SWAT officers who stormed a Colorado home where a gunman had holed up found a horrific scene — four dead bodies including that of the gunman.
Police said the armed man fired shots at officers Saturday from a second-story window before officers killed him. Once inside, they found the bodies of three other adults.
The suspect, whose name was withheld by police, held officers at bay for nearly six hours after neighbors reported gunfire at 3 a.m. inside the modest townhome in the Denver suburb of Aurora, said police Sgt. Cassidee Carlson.
It wasn't known if officers shot the suspect or if he shot himself.
Investigators said two men and a woman appeared to have been killed before officers arrived.
The suspect shot at police who approached the front of the home with an armored vehicle and who fired tear gas around 8:15 a.m. He was killed when he fired at officers from the second-story window about 45 minutes later, Carlson said.
"After we arrived on scene, there were no more shots fired up until he fired at us," Carlson said. "During this time he was all over the house. He moved furniture. He was throwing things. He was agitated. He was irrational."
A large front window was missing in the two-story townhome, the window's mini-blinds in disarray. Bullet holes marked two upstairs windows, and neighbors milled about outside.
A fifth person escaped unharmed and called police to report that she saw three people inside the home who "appeared lifeless," said Carlson, who declined to elaborate about the woman's escape.
A motive for the killings was unknown, and police had yet to say what weapon or weapons were used. Investigators wearing gloves and carrying evidence bags were going over the crime scene.
Police declined to release the victims' names.
"We have an idea of who they are, but we obviously want to confirm their identities with the coroner," said Carlson, who declined to release the relationship between the victims and the shooter.
Officers evacuated neighbors' homes during the standoff and used a bullhorn to communicate with the gunman, urging him to surrender.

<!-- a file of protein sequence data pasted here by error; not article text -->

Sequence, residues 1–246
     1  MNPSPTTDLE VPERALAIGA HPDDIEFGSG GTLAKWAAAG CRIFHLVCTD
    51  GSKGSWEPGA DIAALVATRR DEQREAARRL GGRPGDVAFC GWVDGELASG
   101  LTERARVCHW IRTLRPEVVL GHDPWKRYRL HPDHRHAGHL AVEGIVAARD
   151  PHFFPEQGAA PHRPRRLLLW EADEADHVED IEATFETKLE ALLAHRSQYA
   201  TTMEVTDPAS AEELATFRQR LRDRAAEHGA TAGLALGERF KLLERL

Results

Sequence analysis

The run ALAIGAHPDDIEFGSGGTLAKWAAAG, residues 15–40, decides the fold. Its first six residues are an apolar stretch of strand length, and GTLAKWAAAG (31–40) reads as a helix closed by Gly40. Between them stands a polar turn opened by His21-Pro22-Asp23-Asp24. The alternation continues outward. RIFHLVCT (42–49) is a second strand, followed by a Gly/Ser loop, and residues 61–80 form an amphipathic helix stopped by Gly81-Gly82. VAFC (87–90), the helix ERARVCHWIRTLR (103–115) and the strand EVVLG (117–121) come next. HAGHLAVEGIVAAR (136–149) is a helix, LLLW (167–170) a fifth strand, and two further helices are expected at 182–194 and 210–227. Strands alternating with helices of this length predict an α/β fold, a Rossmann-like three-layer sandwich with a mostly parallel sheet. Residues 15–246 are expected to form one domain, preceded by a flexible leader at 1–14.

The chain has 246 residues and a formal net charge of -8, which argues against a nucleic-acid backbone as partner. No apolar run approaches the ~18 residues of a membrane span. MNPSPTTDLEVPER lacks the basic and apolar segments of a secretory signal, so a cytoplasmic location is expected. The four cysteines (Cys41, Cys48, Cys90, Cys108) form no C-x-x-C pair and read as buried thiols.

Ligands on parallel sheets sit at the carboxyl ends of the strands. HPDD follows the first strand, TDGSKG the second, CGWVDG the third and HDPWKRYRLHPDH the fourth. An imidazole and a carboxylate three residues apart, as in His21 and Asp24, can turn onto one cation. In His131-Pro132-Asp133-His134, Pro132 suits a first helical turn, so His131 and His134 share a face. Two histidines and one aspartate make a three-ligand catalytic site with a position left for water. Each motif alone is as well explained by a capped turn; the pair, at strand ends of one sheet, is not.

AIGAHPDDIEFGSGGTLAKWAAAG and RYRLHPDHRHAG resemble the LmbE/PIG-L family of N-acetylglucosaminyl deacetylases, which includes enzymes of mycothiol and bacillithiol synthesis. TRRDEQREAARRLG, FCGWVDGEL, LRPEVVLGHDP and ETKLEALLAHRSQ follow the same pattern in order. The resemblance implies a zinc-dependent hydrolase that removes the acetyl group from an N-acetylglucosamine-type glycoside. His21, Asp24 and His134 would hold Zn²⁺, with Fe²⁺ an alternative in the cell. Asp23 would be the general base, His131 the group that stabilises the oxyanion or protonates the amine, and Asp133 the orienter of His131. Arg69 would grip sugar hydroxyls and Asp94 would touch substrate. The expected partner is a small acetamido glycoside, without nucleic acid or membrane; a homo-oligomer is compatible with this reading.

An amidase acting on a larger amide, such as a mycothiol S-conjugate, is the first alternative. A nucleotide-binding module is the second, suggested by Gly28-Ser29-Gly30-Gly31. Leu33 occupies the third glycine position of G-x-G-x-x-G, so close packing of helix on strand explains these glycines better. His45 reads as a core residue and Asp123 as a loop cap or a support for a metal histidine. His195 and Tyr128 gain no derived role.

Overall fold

Next-door neighbor Melissa Wright, a nurse who treated victims of the July movie theater shootings in Aurora, said she was in her second-floor bedroom when she saw the gunman start shooting from his own bedroom window. She said she didn't know what he was shooting at, and that she quickly dropped to the floor.
"I hit the ground pretty fast," Wright said.
Wright said she slid on her belly to the first floor of her home and told police what she saw upstairs. Officers quickly entered her home.
Wright said she knew the gunman as Sonny Archuleta — a name used by police officers trying to negotiate with the man with the bullhorn. Wright said the townhome may have been inhabited by the gunman, the gunman's wife, her father and another man.
The shootings occurred about four miles southeast of the Aurora Mall, where 12 people were killed and dozens were wounded by a gunman at a midnight showing of "The Dark Knight Rises" on July 20. The man charged in that shooting, James Holmes, goes to court Monday for a preliminary hearing in which prosecutors will present their case against him.
The July shootings prompted Gov. John Hickenlooper — just before the Newtown, Conn., massacre — to say it is time to debate gun control. It's expected to be a heated topic at the Colorado Legislature this year.
Aurora, just east of Denver, is one of Colorado's largest and most diverse cities with more than 335,000 residents. It is home to Buckley Air Force Base as well as the sprawling University of Colorado Health Sciences Center campus, where James Holmes studied neuroscience before the movie theater shootings.
Associated Press writer Thomas Peipert contributed to this story.